☆ FOSS is not “non-commercial”

I keep seeing people contrasting “free/open source software” with “commercial software”. This is a really bad contrast, as in my experience almost all open source software is commercial. It’s just commercial in a different way.

Open source software is not “non-commercial” – rather, it is software where, when commercial activity takes place, revenues are generated from the delivery of value around the software rather than by controlling access to the software. This switch away from artificial scarcity liberates developers from many different places – in location, cultural and motivation dimensions –  to synchronise overlapping interests and collaborate around an open source code “commons” to sustain the wealth-creating vehicle they jointly enjoy.

☞ Wednesday Tab Sweep

  • “I think we need a law that explicitly makes it legal for people to record government officials when they are interacting with them in their official capacity. And this is doubly true for police officers and other law enforcement officials.”

    I completely agree. This is a great explanation of why government officials should expect scrutiny in the conduct of the official duties while private citizens should expect privacy.

  • “Personally, I don’t want to sign Canonical’s agreement. I want to share my writing, not give it away. Other team members seem to feel the same. So where does this leave the Ubuntu docs team?”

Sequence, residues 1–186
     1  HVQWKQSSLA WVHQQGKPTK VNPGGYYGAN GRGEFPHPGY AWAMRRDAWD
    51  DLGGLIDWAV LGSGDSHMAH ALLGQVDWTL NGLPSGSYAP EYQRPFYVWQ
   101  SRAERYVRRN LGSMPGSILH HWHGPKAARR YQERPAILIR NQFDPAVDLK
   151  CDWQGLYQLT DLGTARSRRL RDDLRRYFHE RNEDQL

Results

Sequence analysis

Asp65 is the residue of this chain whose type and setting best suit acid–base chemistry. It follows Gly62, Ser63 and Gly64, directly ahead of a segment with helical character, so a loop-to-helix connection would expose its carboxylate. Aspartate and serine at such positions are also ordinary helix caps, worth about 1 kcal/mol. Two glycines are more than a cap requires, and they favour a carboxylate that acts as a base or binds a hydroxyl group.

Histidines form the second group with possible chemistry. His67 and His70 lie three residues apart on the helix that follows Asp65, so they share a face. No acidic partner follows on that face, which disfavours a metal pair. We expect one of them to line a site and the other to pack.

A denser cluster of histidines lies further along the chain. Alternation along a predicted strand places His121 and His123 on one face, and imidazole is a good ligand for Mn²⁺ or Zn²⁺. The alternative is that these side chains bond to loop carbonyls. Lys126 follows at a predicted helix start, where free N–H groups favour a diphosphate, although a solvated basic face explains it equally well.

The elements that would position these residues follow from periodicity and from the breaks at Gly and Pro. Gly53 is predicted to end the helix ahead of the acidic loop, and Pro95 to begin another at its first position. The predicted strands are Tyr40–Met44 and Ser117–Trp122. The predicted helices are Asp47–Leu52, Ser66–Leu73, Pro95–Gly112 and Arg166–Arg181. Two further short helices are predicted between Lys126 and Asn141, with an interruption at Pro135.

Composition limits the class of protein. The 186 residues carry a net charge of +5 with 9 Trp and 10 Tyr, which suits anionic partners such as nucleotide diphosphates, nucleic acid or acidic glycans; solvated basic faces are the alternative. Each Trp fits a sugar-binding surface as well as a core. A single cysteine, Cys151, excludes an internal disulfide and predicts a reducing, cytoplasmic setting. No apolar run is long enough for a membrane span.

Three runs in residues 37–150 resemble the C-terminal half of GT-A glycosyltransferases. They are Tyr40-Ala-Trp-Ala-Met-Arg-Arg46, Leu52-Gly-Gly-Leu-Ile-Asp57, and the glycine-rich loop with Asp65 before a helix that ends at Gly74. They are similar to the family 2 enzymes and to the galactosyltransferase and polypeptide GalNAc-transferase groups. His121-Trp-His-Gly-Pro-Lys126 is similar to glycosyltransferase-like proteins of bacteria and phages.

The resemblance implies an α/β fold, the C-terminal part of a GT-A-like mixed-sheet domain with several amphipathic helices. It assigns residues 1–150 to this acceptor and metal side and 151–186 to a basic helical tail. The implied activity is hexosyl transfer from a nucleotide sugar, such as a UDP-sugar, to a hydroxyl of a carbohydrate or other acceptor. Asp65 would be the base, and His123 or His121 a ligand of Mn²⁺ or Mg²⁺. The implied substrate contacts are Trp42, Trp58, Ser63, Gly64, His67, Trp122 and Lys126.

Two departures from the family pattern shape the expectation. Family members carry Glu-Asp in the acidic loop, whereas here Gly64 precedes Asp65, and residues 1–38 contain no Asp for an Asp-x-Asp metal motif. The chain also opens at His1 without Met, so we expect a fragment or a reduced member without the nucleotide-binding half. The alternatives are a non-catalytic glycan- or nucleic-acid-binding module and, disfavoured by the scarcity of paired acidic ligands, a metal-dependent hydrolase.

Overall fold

In response to Phil’s question, Laura MacPhee explains that Canonical’s “contributor agreement” is actually giving away your work to depend on Canonical’s judgement. Whatever the comforting words surrounding that gift may say, the fact is that the agreement redefines “contribution” from “sharing” to “giving” and makes community members less than sharecroppers.

  • I’m delighted to say that the first full release of the OpenDJ LDAP directory server from ForgeRock is now available. 100% Java, 100% open source.

  • I sense a disturbance in The Force as protection from 800+ patents is about to be snuffed out by a consortium comprising some of the most important opponents of open source.

  • “You wondered aloud how these people had managed to survive this long without drinking bleach by accident. As new clients came on, you hoped that the work you did with the first one would mean they would successfully use the system. No such luck. They were all stupid in subtly different ways.”

    To be clear, this is not my vision for ForgeRock!

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